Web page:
Change the Past, Change the Future Simply by Forgetting
April 21, 2009 2 Comments
Here’s an interesting idea. To avoid an impending disaster, all you have to do is forget your past. So says physicist Saibal Mitra at the University of Amsterdam. Even changing the past seems to be possible, believe it or not.
His idea is predicated on accepting our old friend, the Everett interpretation of Quantum Mechanics, aka the Many Universes theory. According to Mitra, if the collective observers memory is reset prior to a cataclysmic event, such as a species ending asteroid impact, the state of the universe becomes “undetermined.” As a result, it has an equal likelihood of following any of the many subsequent paths, most of which should have nothing to do with an asteroid impact. And so, by selectively forgetting our past, we can avoid certain doom by starting with a clean slate of future outcomes. See this New Scientist article.
There is something unsettling about the logic, but his paper seems to be on firm footing: http://arxiv.org/abs/0902.3825. And the implications are fascinating. Not happy with how last year’s Superbowl turned out? Keep a single copy of the event, erase everyone’s memory, replace all archived bits of history relating to the game, and then we can all sit back and watch the recording again. Mitra says if we do that, there’s a good chance Arizona will win. Watching the same tape! Well, maybe not the same tape. Because once the universe became undetermined again, the physical tape could have encoded any number of outcomes.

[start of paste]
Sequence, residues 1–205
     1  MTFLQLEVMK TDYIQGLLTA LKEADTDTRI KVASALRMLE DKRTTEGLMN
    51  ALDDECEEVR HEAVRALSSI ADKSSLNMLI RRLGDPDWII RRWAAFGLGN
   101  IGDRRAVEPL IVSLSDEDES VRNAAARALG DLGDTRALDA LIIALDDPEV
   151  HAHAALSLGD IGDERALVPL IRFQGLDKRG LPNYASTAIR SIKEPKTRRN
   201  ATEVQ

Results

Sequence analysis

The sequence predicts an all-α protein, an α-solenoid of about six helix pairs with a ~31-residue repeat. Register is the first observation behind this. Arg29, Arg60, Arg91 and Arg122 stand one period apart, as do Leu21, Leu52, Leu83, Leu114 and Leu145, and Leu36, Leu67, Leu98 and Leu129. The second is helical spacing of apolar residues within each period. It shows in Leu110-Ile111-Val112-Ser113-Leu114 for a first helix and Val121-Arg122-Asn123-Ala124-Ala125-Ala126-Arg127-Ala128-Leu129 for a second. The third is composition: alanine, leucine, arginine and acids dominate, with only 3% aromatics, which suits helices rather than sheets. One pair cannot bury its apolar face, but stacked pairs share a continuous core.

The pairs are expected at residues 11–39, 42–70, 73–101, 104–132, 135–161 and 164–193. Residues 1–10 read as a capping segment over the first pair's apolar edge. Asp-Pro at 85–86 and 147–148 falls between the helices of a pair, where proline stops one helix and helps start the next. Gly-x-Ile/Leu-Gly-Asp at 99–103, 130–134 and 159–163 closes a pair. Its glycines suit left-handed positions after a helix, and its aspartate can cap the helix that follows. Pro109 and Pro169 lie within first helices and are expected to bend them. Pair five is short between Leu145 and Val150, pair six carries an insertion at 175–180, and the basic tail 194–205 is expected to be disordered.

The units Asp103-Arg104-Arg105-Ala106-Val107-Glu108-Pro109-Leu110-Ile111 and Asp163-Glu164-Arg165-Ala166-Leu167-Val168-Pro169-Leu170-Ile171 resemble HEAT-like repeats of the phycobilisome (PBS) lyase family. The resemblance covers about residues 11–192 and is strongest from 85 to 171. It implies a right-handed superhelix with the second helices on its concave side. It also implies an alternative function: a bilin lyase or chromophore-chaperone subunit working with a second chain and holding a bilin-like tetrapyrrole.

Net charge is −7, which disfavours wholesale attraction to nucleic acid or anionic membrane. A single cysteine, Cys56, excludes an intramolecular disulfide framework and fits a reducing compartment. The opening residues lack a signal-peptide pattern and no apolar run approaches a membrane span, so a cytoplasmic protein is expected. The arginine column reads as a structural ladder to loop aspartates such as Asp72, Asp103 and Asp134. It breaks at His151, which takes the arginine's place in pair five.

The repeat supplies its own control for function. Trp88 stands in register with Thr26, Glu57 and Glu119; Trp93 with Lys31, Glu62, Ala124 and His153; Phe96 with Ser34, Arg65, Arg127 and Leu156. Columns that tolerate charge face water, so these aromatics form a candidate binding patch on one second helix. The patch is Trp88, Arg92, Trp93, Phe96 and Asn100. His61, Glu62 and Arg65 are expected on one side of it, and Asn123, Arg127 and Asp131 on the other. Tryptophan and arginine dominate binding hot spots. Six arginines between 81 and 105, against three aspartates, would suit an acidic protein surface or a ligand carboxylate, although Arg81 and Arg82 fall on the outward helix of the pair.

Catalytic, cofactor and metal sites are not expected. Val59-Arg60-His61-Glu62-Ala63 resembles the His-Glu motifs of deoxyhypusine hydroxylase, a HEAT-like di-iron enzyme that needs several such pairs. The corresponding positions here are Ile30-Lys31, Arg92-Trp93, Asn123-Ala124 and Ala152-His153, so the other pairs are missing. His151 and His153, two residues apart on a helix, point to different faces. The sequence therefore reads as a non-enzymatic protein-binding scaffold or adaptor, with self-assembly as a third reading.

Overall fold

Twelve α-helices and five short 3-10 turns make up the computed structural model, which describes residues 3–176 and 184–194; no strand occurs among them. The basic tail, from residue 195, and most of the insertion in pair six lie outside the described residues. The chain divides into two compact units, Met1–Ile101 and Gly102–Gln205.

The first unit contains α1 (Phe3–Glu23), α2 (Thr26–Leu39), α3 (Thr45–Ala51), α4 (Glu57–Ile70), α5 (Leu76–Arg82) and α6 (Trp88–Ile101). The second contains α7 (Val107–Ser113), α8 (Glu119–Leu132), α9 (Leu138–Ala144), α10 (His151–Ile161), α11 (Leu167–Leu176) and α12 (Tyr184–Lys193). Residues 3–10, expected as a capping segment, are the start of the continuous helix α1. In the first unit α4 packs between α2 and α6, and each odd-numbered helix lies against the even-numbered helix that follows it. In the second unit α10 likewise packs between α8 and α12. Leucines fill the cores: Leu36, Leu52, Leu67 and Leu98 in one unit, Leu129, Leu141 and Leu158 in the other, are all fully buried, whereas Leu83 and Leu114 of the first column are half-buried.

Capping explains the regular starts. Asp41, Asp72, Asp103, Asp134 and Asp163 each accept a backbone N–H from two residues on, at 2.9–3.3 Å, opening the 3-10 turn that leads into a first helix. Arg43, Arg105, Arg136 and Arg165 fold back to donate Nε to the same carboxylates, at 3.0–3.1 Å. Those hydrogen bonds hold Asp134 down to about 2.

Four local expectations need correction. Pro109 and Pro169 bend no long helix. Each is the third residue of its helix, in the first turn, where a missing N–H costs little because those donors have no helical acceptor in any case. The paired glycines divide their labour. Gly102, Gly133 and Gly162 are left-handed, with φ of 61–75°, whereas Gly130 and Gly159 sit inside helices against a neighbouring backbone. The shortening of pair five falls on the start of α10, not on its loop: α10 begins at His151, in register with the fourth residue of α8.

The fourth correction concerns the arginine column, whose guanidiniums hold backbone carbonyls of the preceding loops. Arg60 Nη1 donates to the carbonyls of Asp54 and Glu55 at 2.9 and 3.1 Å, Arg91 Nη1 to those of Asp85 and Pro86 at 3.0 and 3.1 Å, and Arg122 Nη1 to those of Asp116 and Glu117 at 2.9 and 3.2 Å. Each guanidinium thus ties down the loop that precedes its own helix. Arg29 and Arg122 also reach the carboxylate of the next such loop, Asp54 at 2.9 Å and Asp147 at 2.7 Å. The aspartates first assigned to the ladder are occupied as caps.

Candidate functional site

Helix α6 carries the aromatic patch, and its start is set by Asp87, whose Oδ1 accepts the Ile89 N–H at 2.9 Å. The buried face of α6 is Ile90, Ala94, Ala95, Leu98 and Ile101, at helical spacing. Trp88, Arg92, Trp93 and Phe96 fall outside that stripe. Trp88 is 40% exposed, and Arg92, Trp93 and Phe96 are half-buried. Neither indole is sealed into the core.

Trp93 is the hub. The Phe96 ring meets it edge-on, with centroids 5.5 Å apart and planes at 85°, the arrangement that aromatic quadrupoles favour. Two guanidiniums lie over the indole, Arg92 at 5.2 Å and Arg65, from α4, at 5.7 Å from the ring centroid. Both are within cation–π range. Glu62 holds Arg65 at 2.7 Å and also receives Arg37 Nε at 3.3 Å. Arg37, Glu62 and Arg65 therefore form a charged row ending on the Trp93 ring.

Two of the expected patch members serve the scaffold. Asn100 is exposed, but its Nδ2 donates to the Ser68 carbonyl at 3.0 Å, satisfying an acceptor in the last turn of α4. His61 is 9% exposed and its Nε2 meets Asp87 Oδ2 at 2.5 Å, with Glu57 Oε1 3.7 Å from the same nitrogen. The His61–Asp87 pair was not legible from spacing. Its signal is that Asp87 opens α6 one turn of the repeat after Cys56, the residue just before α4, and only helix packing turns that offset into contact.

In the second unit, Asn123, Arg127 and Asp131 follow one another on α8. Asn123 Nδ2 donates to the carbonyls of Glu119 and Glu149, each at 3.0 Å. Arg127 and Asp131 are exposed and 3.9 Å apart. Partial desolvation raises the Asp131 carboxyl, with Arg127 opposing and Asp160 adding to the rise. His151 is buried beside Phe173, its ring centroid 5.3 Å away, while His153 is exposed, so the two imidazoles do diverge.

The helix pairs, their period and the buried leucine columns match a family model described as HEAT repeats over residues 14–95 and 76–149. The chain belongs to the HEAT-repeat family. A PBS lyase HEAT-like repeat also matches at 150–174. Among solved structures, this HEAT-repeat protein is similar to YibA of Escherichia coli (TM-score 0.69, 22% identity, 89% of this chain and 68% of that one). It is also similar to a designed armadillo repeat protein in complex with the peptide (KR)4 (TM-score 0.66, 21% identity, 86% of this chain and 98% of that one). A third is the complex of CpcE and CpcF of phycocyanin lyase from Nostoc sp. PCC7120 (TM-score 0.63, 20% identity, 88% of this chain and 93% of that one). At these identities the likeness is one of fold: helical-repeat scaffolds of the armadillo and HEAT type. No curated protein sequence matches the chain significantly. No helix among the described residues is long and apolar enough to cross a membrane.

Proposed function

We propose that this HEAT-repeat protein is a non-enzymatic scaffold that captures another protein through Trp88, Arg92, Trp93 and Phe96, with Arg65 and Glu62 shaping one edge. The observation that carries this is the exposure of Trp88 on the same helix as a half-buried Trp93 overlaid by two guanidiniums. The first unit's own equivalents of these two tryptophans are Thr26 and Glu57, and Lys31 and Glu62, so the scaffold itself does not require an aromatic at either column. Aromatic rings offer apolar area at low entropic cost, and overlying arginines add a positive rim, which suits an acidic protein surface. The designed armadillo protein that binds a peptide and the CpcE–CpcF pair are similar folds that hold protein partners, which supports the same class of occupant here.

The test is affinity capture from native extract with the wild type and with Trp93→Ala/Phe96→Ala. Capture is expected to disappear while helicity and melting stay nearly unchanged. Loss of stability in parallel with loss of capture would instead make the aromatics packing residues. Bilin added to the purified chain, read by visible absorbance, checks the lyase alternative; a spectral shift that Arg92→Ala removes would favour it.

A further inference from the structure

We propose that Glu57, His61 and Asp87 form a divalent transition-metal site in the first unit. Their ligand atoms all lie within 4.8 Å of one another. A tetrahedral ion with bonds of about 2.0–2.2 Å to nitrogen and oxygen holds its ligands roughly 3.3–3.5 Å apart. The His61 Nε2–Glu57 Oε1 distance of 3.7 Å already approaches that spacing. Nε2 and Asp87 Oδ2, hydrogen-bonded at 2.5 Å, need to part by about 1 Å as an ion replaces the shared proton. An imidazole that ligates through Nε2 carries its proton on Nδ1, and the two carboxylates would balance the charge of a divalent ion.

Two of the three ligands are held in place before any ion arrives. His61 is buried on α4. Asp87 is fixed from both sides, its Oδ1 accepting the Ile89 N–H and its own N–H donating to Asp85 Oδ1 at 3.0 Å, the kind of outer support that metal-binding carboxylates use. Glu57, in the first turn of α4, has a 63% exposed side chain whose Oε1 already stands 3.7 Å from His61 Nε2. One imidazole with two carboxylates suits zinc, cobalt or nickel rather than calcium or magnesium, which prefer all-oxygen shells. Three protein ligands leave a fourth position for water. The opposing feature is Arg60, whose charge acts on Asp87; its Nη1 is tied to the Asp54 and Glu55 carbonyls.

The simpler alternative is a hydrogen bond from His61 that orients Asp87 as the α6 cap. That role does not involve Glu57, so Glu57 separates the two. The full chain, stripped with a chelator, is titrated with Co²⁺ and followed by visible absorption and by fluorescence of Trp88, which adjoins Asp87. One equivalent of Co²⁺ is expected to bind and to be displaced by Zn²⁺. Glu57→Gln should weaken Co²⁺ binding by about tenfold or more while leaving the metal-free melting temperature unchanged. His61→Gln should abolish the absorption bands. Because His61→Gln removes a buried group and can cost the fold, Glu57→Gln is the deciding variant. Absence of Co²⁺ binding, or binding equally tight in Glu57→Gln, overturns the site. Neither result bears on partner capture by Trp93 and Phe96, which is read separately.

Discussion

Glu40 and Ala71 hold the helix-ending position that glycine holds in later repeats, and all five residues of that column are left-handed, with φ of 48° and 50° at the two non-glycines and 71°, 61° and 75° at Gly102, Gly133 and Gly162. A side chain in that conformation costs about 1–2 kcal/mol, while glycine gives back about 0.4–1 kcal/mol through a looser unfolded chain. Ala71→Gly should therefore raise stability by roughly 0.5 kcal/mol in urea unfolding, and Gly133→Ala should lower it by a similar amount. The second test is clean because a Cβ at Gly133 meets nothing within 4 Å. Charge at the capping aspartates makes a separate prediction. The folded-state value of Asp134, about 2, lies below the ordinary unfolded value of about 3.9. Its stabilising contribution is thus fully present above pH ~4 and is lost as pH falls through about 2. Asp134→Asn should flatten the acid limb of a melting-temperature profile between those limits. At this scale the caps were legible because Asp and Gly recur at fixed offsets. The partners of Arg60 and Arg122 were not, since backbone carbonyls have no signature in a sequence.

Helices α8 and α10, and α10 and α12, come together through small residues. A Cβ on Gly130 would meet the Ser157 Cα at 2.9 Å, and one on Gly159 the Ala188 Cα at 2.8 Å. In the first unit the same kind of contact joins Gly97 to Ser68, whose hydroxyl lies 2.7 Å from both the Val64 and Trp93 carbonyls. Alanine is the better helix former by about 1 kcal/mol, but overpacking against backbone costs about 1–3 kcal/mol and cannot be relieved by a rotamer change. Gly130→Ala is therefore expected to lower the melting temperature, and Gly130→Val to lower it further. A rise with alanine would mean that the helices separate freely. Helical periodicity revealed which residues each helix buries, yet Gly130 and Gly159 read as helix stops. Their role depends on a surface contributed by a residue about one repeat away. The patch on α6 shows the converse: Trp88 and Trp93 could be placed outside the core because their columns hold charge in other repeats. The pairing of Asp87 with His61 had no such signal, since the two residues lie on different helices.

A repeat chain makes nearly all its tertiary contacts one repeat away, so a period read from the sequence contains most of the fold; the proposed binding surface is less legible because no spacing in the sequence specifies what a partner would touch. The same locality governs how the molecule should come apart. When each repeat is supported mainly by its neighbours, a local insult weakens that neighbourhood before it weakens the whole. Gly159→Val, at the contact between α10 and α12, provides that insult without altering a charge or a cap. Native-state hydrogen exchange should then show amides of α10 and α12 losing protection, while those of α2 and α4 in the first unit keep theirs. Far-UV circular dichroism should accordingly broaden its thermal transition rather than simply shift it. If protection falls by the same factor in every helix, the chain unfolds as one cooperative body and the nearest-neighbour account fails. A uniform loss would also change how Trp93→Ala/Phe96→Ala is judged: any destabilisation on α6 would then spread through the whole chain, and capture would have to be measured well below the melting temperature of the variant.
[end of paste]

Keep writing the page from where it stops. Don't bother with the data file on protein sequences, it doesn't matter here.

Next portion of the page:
This a vaguely reminiscent of “Last Thursdayism,” which is one of the possible aspects of Programmed Reality. Once the universe is reset from an observational standpoint, we would never know the difference and an entirely different future course of events is possible. If you make the restart point somewhere in our current past, then the recent past can be changed too. Programmed Reality explains it all!